Godzilla Minus One 75/100
November 3rd, 2023 Watched at Movix Amagasaki
Casts: Ryunosuke Kamiki Minami Hamabe
Director: Takashi Yamazaki
Director Takashi Yamazaki, who angered many movie fans with ‘Dragon Quest: Your Story’ somewhat redeemed himself with ‘Lupin the 3rd: The First.’ I bought a ticket a little concerned, but I got my money’s worth/
As the end of the war drew near, pilot Shikishima (Ryunosuke Kamiki), assighned the mission of launching a kamikaze attack on the enemy, had to make an emergency landing on Odo-shima Island due to aircraft trouble. However, that night, Godzilla attacked the island, and the detachment was wiped out. The only survivors were Shikishima and the chief mechanic. Later, when Shikishima returned to Tokyo, he learned of his parents’ death. However, he got into a strange relationship with Noriko (Minami Hamabe), and a child to whom she was not the biological mother …
Some major spoilers ahead. You’ve been warned.
The story began with Odo-shima Island, which put a smile on my face. And Godzilla’s appearance within the first 5 minutes also put a smile on my face. “Shin Godzilla”, the last Japanese Godilla film, had an early appearance of Godzilla, too, but this film immediately shows us the full body of Godzilla, which Shin Godzilla didn’t do.
Once Godzilla got his feet dry, Tokyo turned into a wasteland just like that. Unlike the first Godzilla that was in black and white, this one felt very realistic. In the first film, where all the characters (except Dr. Yamane) were full of sadness and despair. On the other hand, in this film, various characters’ emotions crisscrossed. Despite being a special kamikaze attack team member, Shikishima, the protagonist played by Ryunosuke Kamiki, refused to die and survived. A young girl who some other woman entrusted her baby to somehow got to know him. The next door widow, played by Sakura Andoh, intervened and helped this young strange couple. Even though the story was set in 1945, it was still very easy to sympathize with these characters because the emotions they were going through were universal.
Godzilla, powered up and enlarged by the Bikini Atoll nuclear tests, soon reappeared and destroyed the heck out of the Ginza district, which was a direct homage to the original. I couldn’t help but raising my fist into the air at the appearance of the tank unit because that was what happened in the original movie. Godzilla’s atomic breath was, in a sense, more destructive than Shin Godzilla’s. The rising mushroom cloud evoked memories of GMK (my favorite Godzilla movie!). What an overwhelming sense of despair and loss!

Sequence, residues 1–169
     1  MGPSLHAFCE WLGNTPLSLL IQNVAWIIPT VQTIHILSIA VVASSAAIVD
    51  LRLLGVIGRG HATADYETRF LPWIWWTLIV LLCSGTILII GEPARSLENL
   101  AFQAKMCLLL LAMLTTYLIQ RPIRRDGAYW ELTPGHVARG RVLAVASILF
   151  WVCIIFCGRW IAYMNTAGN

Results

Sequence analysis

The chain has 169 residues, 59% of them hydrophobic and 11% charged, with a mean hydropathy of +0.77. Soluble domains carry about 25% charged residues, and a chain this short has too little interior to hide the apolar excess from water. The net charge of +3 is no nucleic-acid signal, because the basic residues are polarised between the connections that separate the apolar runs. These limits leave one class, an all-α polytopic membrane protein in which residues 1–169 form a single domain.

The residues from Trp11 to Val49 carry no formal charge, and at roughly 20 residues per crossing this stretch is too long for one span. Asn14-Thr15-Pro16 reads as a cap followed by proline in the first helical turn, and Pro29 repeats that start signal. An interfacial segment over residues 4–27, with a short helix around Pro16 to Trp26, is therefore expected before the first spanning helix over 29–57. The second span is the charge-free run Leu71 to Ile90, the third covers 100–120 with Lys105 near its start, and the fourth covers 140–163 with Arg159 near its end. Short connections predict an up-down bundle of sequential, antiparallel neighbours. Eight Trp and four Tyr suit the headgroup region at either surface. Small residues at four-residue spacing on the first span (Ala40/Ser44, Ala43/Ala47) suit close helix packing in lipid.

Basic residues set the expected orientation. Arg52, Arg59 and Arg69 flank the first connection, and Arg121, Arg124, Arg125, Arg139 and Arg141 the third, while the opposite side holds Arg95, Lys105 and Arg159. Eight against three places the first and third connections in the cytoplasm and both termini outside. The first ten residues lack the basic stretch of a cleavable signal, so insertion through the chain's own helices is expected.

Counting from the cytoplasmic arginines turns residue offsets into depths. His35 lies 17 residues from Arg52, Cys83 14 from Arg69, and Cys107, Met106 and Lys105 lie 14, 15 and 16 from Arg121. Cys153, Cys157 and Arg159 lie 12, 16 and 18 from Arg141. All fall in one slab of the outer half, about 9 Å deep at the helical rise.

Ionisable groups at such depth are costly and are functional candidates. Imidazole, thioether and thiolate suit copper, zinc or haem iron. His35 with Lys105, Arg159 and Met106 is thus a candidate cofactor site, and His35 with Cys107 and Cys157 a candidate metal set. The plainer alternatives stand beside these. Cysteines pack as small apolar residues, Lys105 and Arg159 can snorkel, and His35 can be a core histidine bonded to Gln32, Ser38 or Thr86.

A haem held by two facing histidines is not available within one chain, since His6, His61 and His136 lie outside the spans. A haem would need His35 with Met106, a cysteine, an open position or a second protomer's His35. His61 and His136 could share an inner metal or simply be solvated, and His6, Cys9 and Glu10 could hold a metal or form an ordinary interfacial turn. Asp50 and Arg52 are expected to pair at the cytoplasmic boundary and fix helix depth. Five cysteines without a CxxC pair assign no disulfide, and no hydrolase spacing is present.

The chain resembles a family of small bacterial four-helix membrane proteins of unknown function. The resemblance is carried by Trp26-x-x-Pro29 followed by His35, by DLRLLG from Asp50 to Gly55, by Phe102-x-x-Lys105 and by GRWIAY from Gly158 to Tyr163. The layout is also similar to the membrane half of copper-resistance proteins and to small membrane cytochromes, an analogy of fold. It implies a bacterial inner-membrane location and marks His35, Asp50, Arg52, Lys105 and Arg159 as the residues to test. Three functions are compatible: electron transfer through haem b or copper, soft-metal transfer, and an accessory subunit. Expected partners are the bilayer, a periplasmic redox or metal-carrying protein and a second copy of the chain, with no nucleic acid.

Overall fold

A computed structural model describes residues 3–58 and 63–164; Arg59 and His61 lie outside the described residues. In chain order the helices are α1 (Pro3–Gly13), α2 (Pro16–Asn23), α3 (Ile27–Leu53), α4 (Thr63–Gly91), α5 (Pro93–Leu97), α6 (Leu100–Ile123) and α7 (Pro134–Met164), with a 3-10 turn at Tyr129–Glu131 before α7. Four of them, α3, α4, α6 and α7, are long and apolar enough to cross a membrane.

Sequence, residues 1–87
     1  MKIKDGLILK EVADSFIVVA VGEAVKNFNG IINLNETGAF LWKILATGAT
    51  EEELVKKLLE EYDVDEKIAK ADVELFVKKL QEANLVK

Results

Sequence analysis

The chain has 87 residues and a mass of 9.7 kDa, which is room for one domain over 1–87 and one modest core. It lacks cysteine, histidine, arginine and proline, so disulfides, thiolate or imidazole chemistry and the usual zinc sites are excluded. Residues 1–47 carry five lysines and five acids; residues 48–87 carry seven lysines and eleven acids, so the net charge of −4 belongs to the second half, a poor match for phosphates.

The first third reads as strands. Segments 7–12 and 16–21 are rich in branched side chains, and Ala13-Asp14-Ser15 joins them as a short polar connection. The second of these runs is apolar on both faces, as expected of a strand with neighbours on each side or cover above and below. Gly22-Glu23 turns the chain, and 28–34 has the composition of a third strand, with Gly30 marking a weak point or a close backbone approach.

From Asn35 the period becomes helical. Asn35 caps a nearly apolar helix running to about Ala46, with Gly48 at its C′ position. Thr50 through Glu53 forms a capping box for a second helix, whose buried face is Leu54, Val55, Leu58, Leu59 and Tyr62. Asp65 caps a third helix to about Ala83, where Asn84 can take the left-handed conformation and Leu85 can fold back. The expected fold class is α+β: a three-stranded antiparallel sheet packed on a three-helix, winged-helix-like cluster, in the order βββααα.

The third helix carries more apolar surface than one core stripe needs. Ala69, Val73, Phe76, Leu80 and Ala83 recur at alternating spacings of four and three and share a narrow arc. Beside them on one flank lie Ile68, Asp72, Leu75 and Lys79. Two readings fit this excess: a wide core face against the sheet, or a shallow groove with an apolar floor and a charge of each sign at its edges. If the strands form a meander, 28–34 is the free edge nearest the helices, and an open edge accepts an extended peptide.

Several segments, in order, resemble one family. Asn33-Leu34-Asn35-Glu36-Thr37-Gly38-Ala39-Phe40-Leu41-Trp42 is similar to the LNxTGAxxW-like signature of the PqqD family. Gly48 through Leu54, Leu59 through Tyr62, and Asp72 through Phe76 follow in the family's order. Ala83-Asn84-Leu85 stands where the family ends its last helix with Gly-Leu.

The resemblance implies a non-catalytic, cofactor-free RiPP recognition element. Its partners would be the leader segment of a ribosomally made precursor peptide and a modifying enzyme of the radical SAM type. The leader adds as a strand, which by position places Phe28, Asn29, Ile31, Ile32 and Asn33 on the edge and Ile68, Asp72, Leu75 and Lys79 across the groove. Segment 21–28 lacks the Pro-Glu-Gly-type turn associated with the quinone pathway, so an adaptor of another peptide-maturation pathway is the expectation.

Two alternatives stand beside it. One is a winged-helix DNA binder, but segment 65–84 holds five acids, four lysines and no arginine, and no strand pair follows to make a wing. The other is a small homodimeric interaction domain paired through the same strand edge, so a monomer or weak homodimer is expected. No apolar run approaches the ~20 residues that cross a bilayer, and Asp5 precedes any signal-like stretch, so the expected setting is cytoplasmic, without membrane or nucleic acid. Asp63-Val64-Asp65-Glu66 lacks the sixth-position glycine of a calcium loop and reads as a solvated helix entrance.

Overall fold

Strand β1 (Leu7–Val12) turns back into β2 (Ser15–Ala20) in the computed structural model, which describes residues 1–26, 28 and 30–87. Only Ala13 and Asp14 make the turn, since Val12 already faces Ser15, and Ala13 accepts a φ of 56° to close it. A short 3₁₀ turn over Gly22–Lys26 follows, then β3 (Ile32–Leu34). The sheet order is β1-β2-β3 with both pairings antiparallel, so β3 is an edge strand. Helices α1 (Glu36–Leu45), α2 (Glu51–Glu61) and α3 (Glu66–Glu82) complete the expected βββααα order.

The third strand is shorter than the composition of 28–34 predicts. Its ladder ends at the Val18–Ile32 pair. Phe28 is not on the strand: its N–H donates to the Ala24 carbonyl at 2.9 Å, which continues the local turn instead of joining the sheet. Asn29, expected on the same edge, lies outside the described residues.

“Shin Godzilla” was about a national effort to stave off and terminate Godzilla, but this film was about a civilian operation against Godzilla, given the pre-Cold War situation at the time and the fact that Japan had been demilitarized by GHQ. It had only been a few years since the end of the war, so there were still quite a few military survivors. When they revealed the tactic, a gadget appeared and it immediately put a smile on your face because it reminded us of the Oxygen Destroyer from the original. The operation involved targeting Godzilla’s weakness as a living creature, and it was reasonably and logically convincing because that was basically what Mechagodzilla from “Godzilla vs. Kong,” tried to do to Godzilla. The Godzilla theme that played as warships surrounded Godzilla just before this attack was truly an homage to the original because in the first movie, this music came on not when Godzilla destroyed Tokyo, but when the tank unit arrived and opened fire against Godzilla. That unique Akira Ifukube’s Godzilla theme song was originally the BGM when the Self-Defense Forces appeared. In this film, it was used as the theme song for civilian forces, not for Godzilla. Finally, there’s a kamikaze attack on Godzilla’s mouth, just like the anti-nuclear bacteria missile in “Godzilla vs. Mothra.” A heavily wounded Godzilla sinking to the bottom of the ocean was clearly an homage to GMK, which again did put a smile on my face.
Writer/director Takashi Yamazaki successfully made a name for himself for creating a new Godilla movie out of the traditional Godzilla movies.
The human drama part was weak. To be more precise, it was hard to see the focus of the dramas. It wasn’t clear whether the film wanted to focus on the process of Shikishima, Noriko, and Akiko turning from a pseudo-family into an authentic one or if it wanted to focus on Shikishima and the other survivors overcoming their war traumas. It should have concentrated on on big subplot, not two.
A few of the actors’ performances stood out like a sore thumb. Shikishima, the main character, was completely overshadowed by Yoshioka Hidetaka and Kuranosuke Sasaki. The acting, or rather the directing, often missed the mark. In the final scene, Shikishima dropped the coat he was wearing onto the ground, but wasn’t the timing a bit off? That kind of scene happened throughout the film. It felt like Shikishima’s acting or the director’s direction didn’t quite fit in with the main character.
Defining Godzilla is difficult, but it’s easy to recognize what is not Godzilla. In that sense, there is no room for doubt that the creature in this film is Godzilla, and this film is a Godzilla movie. Showa Godzilla was all about Godzilla destroying Japan, yet Japan always underwent a rehab in a booming economy. Reiwa Godzilla, on the other hand, is portrayed as an ominous force that could come back any time if Japan continues to economically dwindle and politically become right wing. The highly able and competent Japanese government depicted in ‘Shin Godzilla’ was fiction. It seems we’ve entered an era where we, as civilians, must make sure that Godzilla is not real and that he belongs in fiction and entertainment.